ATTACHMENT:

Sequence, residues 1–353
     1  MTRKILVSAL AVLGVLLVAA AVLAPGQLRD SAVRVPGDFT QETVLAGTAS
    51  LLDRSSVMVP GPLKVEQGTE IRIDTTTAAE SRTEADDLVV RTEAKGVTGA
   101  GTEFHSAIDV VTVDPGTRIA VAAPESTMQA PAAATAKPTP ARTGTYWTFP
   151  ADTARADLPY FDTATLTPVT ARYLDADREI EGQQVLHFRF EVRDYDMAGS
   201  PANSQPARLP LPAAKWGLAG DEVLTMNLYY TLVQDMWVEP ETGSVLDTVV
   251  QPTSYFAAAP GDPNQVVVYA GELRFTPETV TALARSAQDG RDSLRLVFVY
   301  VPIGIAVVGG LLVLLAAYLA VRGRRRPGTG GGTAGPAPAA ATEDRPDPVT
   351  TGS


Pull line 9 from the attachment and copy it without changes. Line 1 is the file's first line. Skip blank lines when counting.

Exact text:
   351  TGS